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30 October 2011 | Adam Leach
Public sector buyers may soon be required to consider the “social value” in contract award decisions, as a result of a bill currently passing through Parliament.
The Public Services (Social Value) Bill, which passed the report stage in the House of Commons this week, demands “public authorities to have regard to economic, social and environmental well-being in connection with public services contracts”.
Current rules state contracts should be awarded on the grounds of “best value”, which is defined as the bid with the lowest price that can meet the requirements. It defines “social value” as “the benefits of the community from the commissioning and procurement over and above the direct purchase of goods and services”.
In a statement this week, Conservative MP Chris White, who brought the private members’ bill, said: “It is important that as we review our public services, we maximise the use of the skills, knowledge and dedication of organisations who have the best interests of our local communities at heart”.
Outlining the intention of the bill, first proposed in June 2010, White used a hypothetical example of a contract to build social housing being awarded to a supplier that while not the cheapest, specified in its tender that it would provide apprenticeships and educate students on construction skills.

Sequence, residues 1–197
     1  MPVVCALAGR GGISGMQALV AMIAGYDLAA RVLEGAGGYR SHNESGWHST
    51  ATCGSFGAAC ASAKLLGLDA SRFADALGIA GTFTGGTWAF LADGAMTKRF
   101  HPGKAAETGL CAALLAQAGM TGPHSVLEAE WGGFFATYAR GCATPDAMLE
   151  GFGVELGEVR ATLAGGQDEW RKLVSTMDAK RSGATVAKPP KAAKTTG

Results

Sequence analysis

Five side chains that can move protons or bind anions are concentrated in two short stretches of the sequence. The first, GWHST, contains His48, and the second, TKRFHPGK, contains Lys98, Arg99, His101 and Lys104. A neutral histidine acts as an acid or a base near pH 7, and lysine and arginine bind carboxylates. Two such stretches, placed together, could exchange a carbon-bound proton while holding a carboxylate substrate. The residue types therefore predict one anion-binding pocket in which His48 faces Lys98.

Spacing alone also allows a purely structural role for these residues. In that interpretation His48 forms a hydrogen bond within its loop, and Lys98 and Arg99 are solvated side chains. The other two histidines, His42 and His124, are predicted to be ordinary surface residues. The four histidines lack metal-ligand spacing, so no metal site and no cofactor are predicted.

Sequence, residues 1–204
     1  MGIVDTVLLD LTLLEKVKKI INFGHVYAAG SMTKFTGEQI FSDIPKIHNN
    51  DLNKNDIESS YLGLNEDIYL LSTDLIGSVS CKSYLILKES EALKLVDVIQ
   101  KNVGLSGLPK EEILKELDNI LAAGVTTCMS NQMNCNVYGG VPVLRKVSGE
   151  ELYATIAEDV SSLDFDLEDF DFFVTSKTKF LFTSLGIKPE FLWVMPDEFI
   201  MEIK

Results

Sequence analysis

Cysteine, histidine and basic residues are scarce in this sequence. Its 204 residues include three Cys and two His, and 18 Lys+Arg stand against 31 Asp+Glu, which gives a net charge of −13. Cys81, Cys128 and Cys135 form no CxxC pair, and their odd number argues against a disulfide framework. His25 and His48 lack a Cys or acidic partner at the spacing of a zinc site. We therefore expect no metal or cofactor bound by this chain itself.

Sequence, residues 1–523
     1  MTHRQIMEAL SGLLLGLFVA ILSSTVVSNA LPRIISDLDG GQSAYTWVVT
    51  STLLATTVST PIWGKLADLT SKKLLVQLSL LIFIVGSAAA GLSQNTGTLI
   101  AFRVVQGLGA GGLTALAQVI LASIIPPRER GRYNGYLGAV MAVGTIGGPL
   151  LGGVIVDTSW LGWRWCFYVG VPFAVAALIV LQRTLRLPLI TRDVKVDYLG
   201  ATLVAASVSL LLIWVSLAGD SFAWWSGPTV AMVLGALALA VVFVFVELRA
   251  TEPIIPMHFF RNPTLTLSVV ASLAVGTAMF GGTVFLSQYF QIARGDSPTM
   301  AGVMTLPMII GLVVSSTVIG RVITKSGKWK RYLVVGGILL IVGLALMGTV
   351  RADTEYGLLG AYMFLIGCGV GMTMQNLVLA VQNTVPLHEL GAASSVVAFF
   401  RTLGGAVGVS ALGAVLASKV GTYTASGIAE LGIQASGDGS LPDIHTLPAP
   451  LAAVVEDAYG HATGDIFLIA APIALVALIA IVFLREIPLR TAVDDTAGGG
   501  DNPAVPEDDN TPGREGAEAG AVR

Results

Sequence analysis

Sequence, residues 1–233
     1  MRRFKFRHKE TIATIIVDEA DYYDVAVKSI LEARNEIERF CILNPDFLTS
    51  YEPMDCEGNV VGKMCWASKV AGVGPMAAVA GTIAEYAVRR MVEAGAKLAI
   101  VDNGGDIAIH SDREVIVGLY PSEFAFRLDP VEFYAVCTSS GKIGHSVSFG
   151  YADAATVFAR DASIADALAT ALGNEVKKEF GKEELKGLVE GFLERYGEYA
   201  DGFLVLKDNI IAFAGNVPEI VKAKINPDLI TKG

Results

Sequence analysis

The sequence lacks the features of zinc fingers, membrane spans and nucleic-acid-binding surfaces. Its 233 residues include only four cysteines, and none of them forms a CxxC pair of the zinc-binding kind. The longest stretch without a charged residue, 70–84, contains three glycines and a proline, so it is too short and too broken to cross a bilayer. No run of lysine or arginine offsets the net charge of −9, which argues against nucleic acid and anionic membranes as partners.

The Bill, which has cross-party support, will receive a third reading in the Commons on 25 November, before moving through the House of Lords before receiving Royal Assent.
The small business community has welcomed the principle of the bill. Phil McCabe, a senior policy advisor at the Forum of Private Business told SM that the bill must open up the public procurement process for small local businesses. “If this bill becomes law and achieves this it will be very valuable for smaller employers, the regions they are based in and the economy as a whole,” he said.
Earlier this week, Alex Neil, the Scottish government’s cabinet secretary for infrastructure and capital investment explained the government had written to theEuropean Union to request social criteria can be taken into account when awarding public contracts.